We just need a little three minute video…
Darius Laws is an award-winning TCC Producer/Director who has experience working with Vodafone, HSBC and British Gas. He spends his time creating video content of the highest standard and here, he reflects on the implications when a client says they ‘just need a little three minute video’…
When I’m hired to produce a video it’s generally because the client doesn’t have the skills and expertise to undertake the task themselves. I find that communication between yourself and the client is the most important and effective way to produce a final project that you are both happy with. By following the below advice, clients will be able to break their video project down into individual concepts to consider, rather than initially underestimating the power their video can have.
Duration: Defining your video’s duration in the first instance is a mistake; it’s only traditional television slots which require set lengths, and unless you are producing a video to be screened to a captive audience, the best duration is the one which communicates your messages and maintains your audience’s attention.
The other misnomer is the idea that the video is ‘little’. Perhaps the client expects their video will be ‘little’ because they know they don’t have a Hollywood budget and that Ridley Scott won’t be directing. But just because the video is short doesn’t necessarily mean it will be cheap. The cost range of making your video can vary considerably.
There will be some projects which will require very little resources and some which will require lots of sparkle, the only restriction really is our imagination.
Budget: When commissioning a video there are some basic questions which the client and the video producer need to be clear about. It might be a good idea to start with the message; what are you trying to convey? Once clear on the key message(s) the producer can plan what elements might be required to communicate this. Your budget will obviously impact and determine the different elements involved.
For example, a CEO talking directly to the camera in a 30 second video message won’t require much production resource but even with this example there are factors to consider: does the location need to give permission to film? Is the filming location underneath a flight path or next to a train line? Has the talent had time to learn their lines, or would a teleprompter be useful? What clothing has been chosen for the filming? Is it necessary to have a green screen?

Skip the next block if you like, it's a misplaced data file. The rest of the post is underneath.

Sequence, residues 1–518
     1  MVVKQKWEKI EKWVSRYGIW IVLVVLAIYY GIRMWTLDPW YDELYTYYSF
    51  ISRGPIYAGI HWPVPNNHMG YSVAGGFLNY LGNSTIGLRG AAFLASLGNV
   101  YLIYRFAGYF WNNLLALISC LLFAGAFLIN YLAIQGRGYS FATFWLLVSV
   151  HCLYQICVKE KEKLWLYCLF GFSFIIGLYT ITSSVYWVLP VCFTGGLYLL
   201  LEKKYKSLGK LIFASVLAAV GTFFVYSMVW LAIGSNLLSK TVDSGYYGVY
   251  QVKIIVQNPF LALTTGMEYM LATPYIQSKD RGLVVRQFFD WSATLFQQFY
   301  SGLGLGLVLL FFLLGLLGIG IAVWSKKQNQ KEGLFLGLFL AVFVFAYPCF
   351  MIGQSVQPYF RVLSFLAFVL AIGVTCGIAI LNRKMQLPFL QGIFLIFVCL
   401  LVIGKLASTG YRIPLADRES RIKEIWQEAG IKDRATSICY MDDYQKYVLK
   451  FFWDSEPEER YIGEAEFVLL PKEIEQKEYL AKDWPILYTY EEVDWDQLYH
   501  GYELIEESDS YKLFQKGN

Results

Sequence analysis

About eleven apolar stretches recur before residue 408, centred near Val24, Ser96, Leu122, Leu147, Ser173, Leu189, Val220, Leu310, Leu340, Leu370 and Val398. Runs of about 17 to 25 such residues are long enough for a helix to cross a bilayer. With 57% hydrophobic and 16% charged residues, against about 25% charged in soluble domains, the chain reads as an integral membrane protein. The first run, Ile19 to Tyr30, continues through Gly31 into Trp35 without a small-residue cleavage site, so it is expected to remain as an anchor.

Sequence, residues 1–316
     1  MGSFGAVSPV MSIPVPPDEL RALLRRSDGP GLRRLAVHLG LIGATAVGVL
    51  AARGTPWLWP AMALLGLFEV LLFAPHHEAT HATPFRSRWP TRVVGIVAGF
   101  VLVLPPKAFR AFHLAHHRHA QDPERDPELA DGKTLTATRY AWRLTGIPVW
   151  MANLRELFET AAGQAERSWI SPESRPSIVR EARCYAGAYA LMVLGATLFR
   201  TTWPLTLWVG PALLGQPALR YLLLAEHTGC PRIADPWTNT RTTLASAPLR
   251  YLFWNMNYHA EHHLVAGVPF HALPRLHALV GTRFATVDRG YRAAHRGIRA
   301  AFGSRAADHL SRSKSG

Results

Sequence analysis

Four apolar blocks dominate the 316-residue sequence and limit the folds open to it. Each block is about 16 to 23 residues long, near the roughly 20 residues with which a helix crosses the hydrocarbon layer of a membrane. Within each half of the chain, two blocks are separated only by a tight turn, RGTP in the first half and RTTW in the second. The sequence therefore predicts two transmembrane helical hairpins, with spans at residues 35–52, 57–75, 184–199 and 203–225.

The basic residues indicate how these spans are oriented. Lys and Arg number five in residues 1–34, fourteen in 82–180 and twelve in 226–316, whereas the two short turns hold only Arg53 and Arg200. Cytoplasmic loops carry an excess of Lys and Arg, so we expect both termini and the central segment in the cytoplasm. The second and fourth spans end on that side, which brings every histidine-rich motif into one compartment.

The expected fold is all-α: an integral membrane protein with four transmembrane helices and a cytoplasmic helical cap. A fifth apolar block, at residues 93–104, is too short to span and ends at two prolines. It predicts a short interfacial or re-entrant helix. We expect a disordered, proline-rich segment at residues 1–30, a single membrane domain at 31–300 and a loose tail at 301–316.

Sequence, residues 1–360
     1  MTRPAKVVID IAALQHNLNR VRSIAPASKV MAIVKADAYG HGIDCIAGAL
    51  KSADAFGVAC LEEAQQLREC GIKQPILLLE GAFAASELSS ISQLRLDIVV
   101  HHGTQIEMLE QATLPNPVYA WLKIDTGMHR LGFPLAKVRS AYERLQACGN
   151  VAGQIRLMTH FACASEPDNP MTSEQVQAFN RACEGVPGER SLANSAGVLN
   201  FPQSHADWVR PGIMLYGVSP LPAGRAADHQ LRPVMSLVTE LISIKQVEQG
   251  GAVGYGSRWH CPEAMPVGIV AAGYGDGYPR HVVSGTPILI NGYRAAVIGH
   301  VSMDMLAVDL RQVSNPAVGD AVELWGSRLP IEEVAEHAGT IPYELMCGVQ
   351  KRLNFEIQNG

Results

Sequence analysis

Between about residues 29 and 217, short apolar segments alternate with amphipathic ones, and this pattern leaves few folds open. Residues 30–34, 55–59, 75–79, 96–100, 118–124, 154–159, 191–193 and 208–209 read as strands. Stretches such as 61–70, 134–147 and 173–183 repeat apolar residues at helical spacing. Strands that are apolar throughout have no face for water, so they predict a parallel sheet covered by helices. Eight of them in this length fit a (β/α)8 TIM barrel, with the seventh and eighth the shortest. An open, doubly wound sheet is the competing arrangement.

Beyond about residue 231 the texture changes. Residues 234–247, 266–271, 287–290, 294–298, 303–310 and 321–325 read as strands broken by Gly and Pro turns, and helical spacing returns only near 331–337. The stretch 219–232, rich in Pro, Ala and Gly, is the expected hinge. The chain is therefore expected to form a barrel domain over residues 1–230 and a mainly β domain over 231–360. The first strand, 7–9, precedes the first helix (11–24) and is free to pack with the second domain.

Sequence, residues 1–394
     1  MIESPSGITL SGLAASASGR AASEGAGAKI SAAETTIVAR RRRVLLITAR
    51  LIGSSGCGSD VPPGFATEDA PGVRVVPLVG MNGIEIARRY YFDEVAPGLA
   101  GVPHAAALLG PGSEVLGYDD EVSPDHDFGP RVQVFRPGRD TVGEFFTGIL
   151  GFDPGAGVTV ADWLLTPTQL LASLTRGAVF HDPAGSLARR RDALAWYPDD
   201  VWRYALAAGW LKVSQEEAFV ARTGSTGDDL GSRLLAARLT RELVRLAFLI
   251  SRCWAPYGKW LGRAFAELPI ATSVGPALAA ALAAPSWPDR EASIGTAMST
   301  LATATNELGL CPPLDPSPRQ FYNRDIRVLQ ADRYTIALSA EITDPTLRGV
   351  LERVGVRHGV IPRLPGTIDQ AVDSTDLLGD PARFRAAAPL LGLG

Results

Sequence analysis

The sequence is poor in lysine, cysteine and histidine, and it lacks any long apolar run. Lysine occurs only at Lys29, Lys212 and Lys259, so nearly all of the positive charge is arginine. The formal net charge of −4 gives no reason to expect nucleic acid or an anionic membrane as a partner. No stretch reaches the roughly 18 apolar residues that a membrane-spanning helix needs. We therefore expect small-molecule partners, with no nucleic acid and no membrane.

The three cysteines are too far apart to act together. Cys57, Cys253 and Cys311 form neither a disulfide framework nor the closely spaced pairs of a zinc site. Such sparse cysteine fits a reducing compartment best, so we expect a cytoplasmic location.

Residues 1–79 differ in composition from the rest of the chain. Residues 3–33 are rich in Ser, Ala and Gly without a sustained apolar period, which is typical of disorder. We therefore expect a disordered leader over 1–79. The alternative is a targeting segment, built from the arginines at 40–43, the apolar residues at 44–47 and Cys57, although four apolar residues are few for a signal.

At the other end of the scale, if you are making an internal training video you might need to hire actors, props, multiple locations, include voice-over narration, graphics and music.
Overall, ensure your budget takes every aspect into consideration and is a realistic figure to produce the effect that you want.
Audience: The style or format of the video might not only be determined by the budget but also by the audience. Making a gas safety video designed to be viewed by a student audience will need to be produced in a different style than an internal financial services compliance training video. I often find it useful to ask clients to show me examples of videos they’ve seen and liked, as well as ones they dislike. This allows me to understand the audience they are trying to reach whilst also factoring in the desired results they want for their project.
Timescale: Planning is critical in order to ensure the filming day and the subsequent editing transpire smoothly. It’s a good idea to agree on an outline script in advance. The producer will advise on what is realistic to be filmed within the allotted timescale. Planning will manage everyone’s expectations and ensure we are all on the same page.
Quality: With all video content, you should expect a minimum standard of quality when it comes to the camera and sound equipment used. The producer will advise you in this as you might not need the most expensive camera on the market to achieve your desired result.
That said, I recall a time when people would say ‘it’s just for the internet so it doesn’t need to be High Definition; now those same people are unable to use that footage because it looks substandard. My advice is to future proof your content by shooting to the best grade you can afford. A great producer is someone who can get the most out of your budget, make your video serve its purpose and, ultimately, positively represent your organisation.
It is a fun, creative and collaborative process but remember why you’ve enlisted the help of professionals in the first place! After all your eight-year-old son might jump in the car claiming he can drive but you wouldn’t give him the keys, would you?
To see a range of TCC’s talented production-orientated freelancers, head to our showreel gallery for examples of their work!